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Thread: Lost a water pump belt - some data & lessons learned

  1. #1
    '82 T3 FABombjoy's Avatar
    Join Date:  May 2011

    Location:  Lansing, MI

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    Lost a water pump belt - some data & lessons learned

    Had an exciting moment on the highway this weekend when the water pump / alternator belt snapped. Everything turned out OK, no engine damage, only spoiled plans. Belt was a Dayco top-cog, no more than 5 years old. I did recover the belt which was flung up into the engine compartment and it had clearly just plain wore out, rather surprising given the age and limited mileage. Has numerous cracks in the rubber along the top side.

    Megasquirt 3 is always recording to SD card which gives a glimpse of how quickly things go down (or up, rather). Figured a few people might find this interesting:

    Ambient temp: About 85F, sunny, humid, AC on full.

    From the moment of belt loss (battery suddenly drops 2v, the exact point is pretty obvious) there was no measured temp increase for 30 seconds at the Y-pipe.
    After 30s, temperature increase 1.5 degrees F per second. I'm guessing that it took a little time for coolant to circulate by convection which is why there was such a long delay.
    Dash gauge read 260 when I was finally safe to engine-off.
    I boiled away about 1.5gal of coolant/water in 80 seconds.
    I'm sure the charge light came on but I didn't notice it, being red and right about behind where my hand is on the wheel. I did notice the abnormal gauges (high temp, low volts) but the 2nd half of the game had already begun.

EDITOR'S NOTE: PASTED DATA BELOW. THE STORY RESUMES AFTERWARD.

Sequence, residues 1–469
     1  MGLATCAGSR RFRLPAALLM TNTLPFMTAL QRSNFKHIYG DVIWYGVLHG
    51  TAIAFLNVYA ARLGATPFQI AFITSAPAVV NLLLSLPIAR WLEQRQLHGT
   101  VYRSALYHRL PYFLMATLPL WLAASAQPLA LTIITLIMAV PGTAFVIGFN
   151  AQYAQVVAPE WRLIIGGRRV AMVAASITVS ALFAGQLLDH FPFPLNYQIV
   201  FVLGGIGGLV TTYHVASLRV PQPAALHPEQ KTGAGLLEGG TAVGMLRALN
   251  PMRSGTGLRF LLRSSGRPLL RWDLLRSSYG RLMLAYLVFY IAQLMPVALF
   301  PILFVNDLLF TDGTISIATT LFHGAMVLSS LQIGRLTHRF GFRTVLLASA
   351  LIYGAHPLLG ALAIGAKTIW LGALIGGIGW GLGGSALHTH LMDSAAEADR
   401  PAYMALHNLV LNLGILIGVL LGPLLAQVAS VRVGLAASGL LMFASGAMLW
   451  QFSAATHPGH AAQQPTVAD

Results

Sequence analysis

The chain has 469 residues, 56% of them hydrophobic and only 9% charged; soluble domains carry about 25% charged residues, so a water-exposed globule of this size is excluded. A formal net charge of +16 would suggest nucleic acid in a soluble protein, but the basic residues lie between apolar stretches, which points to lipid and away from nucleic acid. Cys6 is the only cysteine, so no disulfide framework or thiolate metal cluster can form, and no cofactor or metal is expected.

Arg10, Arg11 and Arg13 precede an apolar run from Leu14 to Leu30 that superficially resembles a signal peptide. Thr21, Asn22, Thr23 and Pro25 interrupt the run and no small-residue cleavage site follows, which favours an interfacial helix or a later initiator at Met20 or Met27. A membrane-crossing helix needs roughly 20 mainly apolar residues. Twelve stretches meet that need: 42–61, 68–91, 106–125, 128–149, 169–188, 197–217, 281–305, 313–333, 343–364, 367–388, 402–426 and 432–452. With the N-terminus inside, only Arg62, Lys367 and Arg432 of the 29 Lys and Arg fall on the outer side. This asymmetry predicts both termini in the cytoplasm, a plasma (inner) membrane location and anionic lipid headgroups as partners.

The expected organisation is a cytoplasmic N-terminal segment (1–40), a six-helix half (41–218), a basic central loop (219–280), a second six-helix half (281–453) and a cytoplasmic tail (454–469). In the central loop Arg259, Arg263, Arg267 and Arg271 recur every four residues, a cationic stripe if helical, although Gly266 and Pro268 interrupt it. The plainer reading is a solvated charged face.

I carry a tool kit & spare belt, but had never actually used those tools to change a belt. A magic "all in one" type wrench that seemed useful on paper could not fit between the engine bay wall and the bolts locking the AC belt tensioner. I cut the AC belt off so the water pump / alternator belt could be installed which was not ideal. A stock-style alternator tensioner is not an easy affair to work when you're on the shoulder, and the shoulder quickly transitions to a drainage ditch. Once cooler, was able to drive the car in surges to a weigh station 1 mile up the road and at least get off of the shoudler. Given more time I may have been able to work out a solution to release the AC belt but traffic passing at 80MPH only a few feet away, plus I had one of my kids with me, and the problem called for a more rapid solution.

    Lessons learned:
    -If you lose this belt you have at minimum 30 seconds to "find a landing spot"
    -250F+ is a scary number to see but absolutely no damage resulted
    -Water boiling stirs up crud, consider a full-flush if this happens (currently in progress)
    -If you carry spare parts, check that your tools are actually useful to install them
    -Consider a turnbuckle type alternator tensioner instead of stock

    A stranger stopped to help, assuming it was a fire given the cloud pouring from the engine bay and came running with a fire extinguisher. He also drove up to the nearest exit to bring back water. Good people are out there!
    Luke S :: 10270 :: 82 Grey 5-Speed :: Single Watercooled T3 .60/.48 :: Borla Exhaust :: MSD Ignition :: MS3X Fully SFI Odd-fire EFI :: DevilsOwn Methanol Injection

  2. #2
    Senior Member
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    One of the top reasons a belt will fail is if the pulleys are not lined up, ie, in the same plane. Use a string or straightedge and make sure the alternator is lined up. Other reasons for a belt to fail include;
    A bent pulley
    Stretching a belt to put it on (causes internal damage to the cords)
    Overtensioning or undertensioning the belt. There is not so much load on the belt that is should jump off unless the water pump bearings seize up or the fan on the alternator chews up the side of the belt.
    David Teitelbaum

  3. #3
    Senior Member Bitsyncmaster's Avatar
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    Location:  Leonardtown, MD